Visual description: A white woman with salt and pepper hair wears a black top and sits in front of a grey background and signs into the camera.
Transcript: Hello and welcome to the 3rd video in this series. This one is going to focus on what happens when you are actively working with your team interpreter. We’ll cover what that looks like, what you may need to know as you work together. One idea is to discuss taking notes, which is a bit funny to me as I am checking my own notes as I am signing this. If an interpreter is in the hot seat, is the other responsible for taking notes on what is happening? How does that work for your teaming sessions? If you do take notes what is typically included with them? Names? Acronyms? Terminology? Pronunciations for when you are working into English? What other information should be included here?
One of the ways that I like to use notes is by making a map of speakers as they introduce themselves so I can keep track of the name of who is speaking. This allows the Deaf consumer to either look at who is speaking directly, or get the names from me after glancing at my paper. This also just helps me remember who is speaking too.
If you are in the “feed seat” (and I know that this can go by many other names, but my preference for the other interpreter who is not in the “hot seat” is “feed seat”), what are you responsible for? Will you be taking notes? Or just looking for reasons to criticize your team interpreter based on their sign/word choices? Or are you busy making grocery lists instead? Or just engaged with your phone? Of course, the hard thing about using your phone is that it is hard for others to tell if you are mindlessly scrolling social media, or looking for/accepting work, receiving updates about the current job, etc. It could be that you are perusing a book instead of being engaged in the feed seat. I can recall a few times that this has happened to me when a team took out a book and when I went to look for a feed, they simply weren’t ready to support me. Another instance can be having side conversations from the feed seat which makes it difficult to get a feed while in the hot seat.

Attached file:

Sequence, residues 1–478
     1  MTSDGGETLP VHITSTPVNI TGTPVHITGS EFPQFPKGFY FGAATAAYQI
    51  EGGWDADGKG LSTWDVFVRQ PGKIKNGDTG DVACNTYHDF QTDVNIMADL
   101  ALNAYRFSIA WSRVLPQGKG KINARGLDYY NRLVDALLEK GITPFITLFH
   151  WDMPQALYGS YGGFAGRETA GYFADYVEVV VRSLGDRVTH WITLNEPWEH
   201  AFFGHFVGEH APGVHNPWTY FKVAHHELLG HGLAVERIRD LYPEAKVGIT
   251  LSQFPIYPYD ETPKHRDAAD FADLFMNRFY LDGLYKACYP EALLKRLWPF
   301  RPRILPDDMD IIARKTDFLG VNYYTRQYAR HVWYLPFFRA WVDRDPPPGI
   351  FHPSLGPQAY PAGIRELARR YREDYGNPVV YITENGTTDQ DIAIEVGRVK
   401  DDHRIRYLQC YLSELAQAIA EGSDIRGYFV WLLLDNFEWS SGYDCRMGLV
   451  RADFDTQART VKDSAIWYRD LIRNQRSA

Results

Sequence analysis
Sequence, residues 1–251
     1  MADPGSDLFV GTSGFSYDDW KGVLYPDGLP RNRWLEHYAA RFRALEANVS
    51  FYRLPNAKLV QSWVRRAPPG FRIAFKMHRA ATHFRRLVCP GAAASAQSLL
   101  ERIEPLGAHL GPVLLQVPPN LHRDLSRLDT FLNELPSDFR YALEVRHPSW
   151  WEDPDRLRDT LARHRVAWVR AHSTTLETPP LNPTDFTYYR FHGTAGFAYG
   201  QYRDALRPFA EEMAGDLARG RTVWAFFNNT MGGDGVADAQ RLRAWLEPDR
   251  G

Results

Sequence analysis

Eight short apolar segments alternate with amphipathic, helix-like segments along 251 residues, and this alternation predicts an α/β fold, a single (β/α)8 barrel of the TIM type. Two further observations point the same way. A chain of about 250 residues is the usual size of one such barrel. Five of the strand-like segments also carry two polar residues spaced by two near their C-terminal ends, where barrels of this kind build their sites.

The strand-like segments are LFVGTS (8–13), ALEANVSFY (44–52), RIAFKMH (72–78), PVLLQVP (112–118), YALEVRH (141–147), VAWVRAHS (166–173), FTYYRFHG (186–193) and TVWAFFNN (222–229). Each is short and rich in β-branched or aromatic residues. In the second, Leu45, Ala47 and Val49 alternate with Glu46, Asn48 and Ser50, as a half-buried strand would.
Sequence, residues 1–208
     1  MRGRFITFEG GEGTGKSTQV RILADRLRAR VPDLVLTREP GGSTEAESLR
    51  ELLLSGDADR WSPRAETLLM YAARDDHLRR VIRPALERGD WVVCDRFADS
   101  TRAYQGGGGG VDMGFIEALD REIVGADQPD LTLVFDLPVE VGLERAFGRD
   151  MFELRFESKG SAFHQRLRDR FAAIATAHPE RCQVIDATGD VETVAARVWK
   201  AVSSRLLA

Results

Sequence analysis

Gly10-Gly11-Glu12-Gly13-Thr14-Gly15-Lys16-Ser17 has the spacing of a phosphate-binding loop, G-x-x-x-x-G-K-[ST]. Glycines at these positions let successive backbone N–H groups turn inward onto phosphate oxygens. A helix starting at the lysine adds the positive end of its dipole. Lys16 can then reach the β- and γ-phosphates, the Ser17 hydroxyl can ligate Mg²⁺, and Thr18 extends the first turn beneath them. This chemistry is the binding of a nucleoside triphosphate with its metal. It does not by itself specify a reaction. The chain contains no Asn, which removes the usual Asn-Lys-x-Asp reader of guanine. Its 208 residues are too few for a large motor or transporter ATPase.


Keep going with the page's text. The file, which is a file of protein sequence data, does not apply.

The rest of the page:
What do you need to keep in mind in terms of adaptability while working as well? In my experience in both college classrooms and hospital settings, the setting is dynamic and you never know what changes might come. It doesn’t matter if you are in an art class, or being taken for an exam – it is always important to be able to take stock of where you are and where you need to be as the situation changes. It could be that you need to be ready to grab your bag and be on the move on a second’s notice. I’ve often taken it upon myself when I have been in the feed seat and we suddenly need to move to a new location that I will grab my bags and my team’s bag or drinks so we can all move along as the situation is actively changing. It’s just part and parcel of it for me and is an easy way to support my team!
It’s important to discuss how to be flexible together, and what your strategy will be for switching as well. It could be as simple as taking about how to indicate when it is time to switch, and if you will physically change seats, or just visually or physically indicate to one another that the hot seat has shifted. I’d love to see what else you have in mind, so please leave a comment below about how you best work together while interpreting as a team.